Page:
The air itself was ancient; its scent wafted from the folds of the cloth strewn across the villagers’ thin frames. The once-bright fabrics hung from their broad shoulders and fell perfectly down their backs, mirroring the body of the white river that slid along the valley which housed them. And they always returned to the river, for she carried with her everything they needed and everything they no longer wanted. Her waters bore them life and also took their lives with it – tiny particles of memories and moments, flung into her unknowable depths. Like grains of sand, I knew that there had been thousands of them – thousands of lives come and gone, leaving no trace, like the clouds that gather at mountain tops in late afternoon only to evaporate come dawn. I wanted to hold them all – to read each grain, and every breath stored within it. I wanted to learn from them, from what they had seen and heard, and what they hadn’t seen and what they had never heard. I wanted to know what their silence sounded like, and what images they carved into the skies of the darkest nights. I wanted to feel the heartbeats of lives framed in an existence so far from my own.

I guess you could say that I never really knew those villages, and the valleys that housed them. You could say that I was a stranger to those night skies, and that the splinter of space that ran between my world and their’s was too big to bridge. You could say that we would never be able to find the same words to express the same meaning to occupy the same space of our hearts, and that in our shared silence our ideas would become lost, like the sound of wind in rain. I guess you could say that the green of my eyes and the brown of their’s meant that we saw the world in different shades, and that we would therefore never be able to agree upon the same color and shape of things – like the color red, or the shape of clouds, or the colors of dying leaves. You could say that there was too much distance, too many diversifying circumstances wedged between the centers of our worlds, for us to ever find a common ground, a common feeling, a common word, a common thought. You could say I never knew them, and that they never knew me …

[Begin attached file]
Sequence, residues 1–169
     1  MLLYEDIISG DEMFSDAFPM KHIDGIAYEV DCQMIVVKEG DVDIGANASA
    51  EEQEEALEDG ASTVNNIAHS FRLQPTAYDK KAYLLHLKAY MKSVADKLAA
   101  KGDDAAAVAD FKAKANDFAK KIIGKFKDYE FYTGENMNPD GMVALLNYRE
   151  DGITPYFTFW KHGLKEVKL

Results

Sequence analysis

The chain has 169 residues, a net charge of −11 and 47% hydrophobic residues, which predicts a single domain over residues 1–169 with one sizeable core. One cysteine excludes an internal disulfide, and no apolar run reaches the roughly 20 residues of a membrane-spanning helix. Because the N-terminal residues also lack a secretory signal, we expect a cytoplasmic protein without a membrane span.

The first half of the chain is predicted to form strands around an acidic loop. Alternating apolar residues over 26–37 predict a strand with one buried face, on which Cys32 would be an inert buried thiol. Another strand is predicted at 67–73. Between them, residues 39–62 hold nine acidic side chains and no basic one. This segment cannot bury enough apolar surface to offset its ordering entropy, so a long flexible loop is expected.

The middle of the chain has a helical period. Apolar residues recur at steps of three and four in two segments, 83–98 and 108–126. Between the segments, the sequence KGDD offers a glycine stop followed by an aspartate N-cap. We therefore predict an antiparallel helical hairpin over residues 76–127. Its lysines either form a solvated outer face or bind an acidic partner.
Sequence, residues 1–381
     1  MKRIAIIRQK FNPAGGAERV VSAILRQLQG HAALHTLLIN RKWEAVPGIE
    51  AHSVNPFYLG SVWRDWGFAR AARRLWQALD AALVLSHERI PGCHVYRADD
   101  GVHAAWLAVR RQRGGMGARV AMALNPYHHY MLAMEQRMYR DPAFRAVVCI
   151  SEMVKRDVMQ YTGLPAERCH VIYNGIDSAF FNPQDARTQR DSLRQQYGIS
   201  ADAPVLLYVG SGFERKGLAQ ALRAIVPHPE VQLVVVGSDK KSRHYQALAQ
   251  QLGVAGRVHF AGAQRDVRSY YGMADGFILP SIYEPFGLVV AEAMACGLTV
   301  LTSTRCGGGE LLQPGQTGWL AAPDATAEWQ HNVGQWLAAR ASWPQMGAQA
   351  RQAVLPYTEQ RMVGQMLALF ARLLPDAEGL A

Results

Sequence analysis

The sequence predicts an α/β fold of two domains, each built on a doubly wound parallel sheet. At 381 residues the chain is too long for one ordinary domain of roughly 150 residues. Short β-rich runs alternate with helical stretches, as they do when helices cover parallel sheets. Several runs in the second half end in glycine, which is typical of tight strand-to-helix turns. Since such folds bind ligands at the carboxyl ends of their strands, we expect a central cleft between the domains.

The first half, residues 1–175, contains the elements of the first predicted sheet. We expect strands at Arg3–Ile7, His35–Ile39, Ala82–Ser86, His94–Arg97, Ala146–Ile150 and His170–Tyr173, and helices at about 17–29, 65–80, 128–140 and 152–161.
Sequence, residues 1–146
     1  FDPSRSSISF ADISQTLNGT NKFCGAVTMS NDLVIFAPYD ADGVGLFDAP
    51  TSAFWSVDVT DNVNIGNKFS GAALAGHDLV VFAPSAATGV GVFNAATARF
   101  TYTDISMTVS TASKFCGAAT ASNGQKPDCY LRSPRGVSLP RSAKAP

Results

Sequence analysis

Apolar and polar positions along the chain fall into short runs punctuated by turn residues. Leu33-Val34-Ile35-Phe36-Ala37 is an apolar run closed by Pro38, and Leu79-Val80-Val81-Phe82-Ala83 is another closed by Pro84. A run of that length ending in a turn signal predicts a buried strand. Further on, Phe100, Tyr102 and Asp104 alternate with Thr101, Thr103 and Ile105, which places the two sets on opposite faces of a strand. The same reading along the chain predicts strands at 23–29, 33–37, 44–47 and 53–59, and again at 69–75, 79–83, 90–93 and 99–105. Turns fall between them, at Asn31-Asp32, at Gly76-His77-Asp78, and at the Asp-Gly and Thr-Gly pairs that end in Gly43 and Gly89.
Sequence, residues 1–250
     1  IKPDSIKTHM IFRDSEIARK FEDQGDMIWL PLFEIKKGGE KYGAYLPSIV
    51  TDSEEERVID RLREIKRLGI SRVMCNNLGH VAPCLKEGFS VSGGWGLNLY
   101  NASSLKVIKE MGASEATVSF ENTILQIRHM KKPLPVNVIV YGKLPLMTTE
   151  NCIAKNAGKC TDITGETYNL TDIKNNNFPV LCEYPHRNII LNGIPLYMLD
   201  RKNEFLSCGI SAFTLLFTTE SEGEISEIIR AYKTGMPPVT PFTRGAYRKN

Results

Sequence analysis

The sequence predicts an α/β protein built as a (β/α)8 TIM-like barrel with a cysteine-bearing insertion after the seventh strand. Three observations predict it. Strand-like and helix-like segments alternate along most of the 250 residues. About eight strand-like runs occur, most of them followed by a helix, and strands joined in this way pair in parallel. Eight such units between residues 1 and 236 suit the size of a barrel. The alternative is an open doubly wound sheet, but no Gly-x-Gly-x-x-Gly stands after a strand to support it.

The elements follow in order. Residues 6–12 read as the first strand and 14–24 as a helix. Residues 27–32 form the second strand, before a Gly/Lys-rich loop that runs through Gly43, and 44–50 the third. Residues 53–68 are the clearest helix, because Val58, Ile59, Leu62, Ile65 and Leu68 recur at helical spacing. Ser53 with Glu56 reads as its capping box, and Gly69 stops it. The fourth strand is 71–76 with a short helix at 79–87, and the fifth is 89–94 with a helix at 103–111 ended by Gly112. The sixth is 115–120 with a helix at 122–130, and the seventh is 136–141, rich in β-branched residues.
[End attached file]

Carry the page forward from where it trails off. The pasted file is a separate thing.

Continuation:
But the hardened skin of her cold hand upon my burning cheek, and the sound of his incessant laughter, and the whine of her fire in the early dawn – they are all I can hear and feel now. Years later, it is the smell of the rice she used to cook in the late afternoon, it is the sound of water filling copper pots, it is quiet stillness of those mornings, which keep a piece of me, however small and tucked away, in that village, in that valley, where I felt less alone and more free then I ever had in the crowded cities from which I came. You could say that I never knew them, but I can still see their writing on the walls of my heart, and I can still see the colors of their eyes, and I can still laugh with them about stories we told years ago. You could say they never knew me, but it is the picture I took that hangs on their wall, and it is the shawl I carried that warms her in the dimming winter light.

It has been exactly five years since I walked into the village of Chaukati. I’ve held the precious memories of my time there in my heart, continually sourcing from them wisdom, perspective, healing and longing. An astrologer recently told me that all things in this life happen in circles, and as I pack my bags and ready myself to travel back to Nepal, back to Chaukati, back to the village that changed me so many years ago, I can’t help but feel that statement’s truth. I’ve come back again, it seems, to a new but familiar beginning – wide-eyed and inspired, curious and hopeful, spiritually hungry and ready to walk the grassy Himalayan path that leads back to Chaukati. It is that grassy pathway, that timeless simplicity, those mountain peaks, those wrinkled smiles, that beckon me at each waking hour, that carve the stories of my dreams, that remind me what it means to be alive and full of wonder …

The journey continues …

-Emory Hall

Los Angeles, California